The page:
Promoting ownership through participation in local infrastructure development


The local infrastructure in developing countries are considered to be scarce however even the existing ones are often poorly conceived and managed (World Development Report 2001). For local infrastructure investments to be effective and sustainable requires that demand based approach be complemented by supply-side inputs through Involving the local population in planning and management which effectively facilitates ownership and sustainability since people would be motivated to make informed decisions and choices. Participatory decision making provides the “means” to involve the community to own the local infrastructure and this is a challenge in developing countries since key decisions are made by the central ministries on behalf of the local people and often communities learn of a project when they see the work kicking off and many communities have often fallen a victim of forced eviction. The local people also face the challenge of choice of the project since most of these projects are “take-it or leave-it”, and few communities are often willing to turn down a free or heavily subsidized investment.

Community ownership of infrastructure provides good operation and maintenance since it is very difficult to rely on the state to perform timely maintenance of the infrastructure. For instance, it is easier for the community to manage the use and operation of a borehole when they own it by forming a water management committee who are directly responsible for collecting the contribution from the people towards the maintenance and repair in case of breakdown but in a situation where local people are not involved in the process of establishment, few people are always willing to pay for the monthly subscription toward the maintenance of this borehole since they considers it to be for free. Involving the local people in the decision making helps in handling the priority especially of the poor and this also save the country’s budget especially in projects were community are encouraged to share the cost of investment and operation.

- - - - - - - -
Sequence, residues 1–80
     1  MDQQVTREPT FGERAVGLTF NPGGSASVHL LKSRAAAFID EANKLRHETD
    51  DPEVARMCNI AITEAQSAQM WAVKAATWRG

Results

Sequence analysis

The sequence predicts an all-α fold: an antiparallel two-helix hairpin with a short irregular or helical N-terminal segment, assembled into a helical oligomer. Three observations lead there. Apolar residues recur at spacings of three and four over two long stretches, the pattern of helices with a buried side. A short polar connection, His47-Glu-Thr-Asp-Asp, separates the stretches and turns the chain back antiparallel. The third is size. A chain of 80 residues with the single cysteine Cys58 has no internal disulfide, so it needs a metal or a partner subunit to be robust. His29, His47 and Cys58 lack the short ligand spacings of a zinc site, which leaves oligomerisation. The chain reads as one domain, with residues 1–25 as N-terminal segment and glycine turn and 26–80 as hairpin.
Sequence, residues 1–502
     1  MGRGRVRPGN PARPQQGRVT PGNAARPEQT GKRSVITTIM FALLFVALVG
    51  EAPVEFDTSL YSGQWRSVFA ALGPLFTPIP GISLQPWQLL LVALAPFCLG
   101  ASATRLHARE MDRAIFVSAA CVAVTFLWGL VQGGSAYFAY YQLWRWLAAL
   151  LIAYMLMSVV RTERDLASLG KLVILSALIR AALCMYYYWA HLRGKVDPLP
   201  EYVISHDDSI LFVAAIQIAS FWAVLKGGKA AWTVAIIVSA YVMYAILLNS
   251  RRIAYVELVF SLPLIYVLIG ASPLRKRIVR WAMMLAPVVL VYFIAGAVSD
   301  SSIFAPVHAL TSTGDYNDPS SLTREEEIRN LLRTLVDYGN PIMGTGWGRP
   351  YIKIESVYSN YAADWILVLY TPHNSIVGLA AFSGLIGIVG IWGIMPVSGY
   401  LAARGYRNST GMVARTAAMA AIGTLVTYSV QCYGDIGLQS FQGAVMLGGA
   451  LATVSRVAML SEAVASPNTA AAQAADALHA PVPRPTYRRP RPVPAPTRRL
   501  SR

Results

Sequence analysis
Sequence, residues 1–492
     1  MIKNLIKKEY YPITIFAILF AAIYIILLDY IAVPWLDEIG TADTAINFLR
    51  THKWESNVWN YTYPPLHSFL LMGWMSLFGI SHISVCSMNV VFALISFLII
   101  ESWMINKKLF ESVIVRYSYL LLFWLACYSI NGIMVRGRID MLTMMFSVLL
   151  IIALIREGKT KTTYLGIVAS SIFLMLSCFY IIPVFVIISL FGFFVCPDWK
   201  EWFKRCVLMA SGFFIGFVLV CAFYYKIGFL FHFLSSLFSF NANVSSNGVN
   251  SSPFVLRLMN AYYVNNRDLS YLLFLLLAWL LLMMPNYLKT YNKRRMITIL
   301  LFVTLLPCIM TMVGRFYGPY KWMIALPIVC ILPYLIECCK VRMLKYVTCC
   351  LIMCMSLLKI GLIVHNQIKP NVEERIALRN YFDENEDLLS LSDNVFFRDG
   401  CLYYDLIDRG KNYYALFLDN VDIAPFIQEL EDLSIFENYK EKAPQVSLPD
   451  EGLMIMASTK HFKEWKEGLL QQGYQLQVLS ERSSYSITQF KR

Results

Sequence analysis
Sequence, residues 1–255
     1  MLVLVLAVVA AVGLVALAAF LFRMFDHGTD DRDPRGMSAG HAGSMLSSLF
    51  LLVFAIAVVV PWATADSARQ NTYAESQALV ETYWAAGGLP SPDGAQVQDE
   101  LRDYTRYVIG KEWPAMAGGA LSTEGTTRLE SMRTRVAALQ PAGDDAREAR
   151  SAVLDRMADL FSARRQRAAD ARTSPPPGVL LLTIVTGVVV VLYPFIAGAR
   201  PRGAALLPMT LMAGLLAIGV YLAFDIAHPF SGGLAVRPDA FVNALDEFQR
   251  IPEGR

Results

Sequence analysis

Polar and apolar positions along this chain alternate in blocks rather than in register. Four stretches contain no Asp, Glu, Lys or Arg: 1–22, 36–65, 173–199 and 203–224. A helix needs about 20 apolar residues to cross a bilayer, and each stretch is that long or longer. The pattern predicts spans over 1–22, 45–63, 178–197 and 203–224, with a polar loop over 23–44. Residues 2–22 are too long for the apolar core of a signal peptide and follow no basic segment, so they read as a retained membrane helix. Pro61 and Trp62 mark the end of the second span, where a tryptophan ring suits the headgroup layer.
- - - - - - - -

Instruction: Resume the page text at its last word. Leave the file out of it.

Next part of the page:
However to foster this ownership, we must put the first last (Chambers, 1997) meaning that those who are powerful have to step down, sit, listen and learn from and empower those who are weak and last. This practice also requires that all categories of people in the community be represented that is, male and female, those well represented and those in the minority group. Considering the fact that community comprises of existing social, ethnic, gender, and economic divisions, and unless we understand the question of who constitutes the community and addresses properly, men and local elites within community may dominate decision making and capture the project benefits thereby discouraging other disadvantaged categories from such local investments. This explains the reason why some infrastructure are always found at the home or near village leaders, political party representatives of the village, and the educated elites since they have the capacity to shut other disadvantage groups down. In Sub Saharan African village communities, the preference of men differs from that of women, for instance, men often ask for roads as a priority intervention while women mostly ask for water and this always turn out to be conflicting interests.

Ownership is considered as a function of institutional relationship between communities and service providers but in a situation where infrastructure benefits more than one community such as road linking many communities will rarely be demanded by individuals in the community even if they are needed and such infrastructure is better provided and managed by the state although in consultation with the communities as this avoid the tendency of rising conflict during the utilization and management by the community



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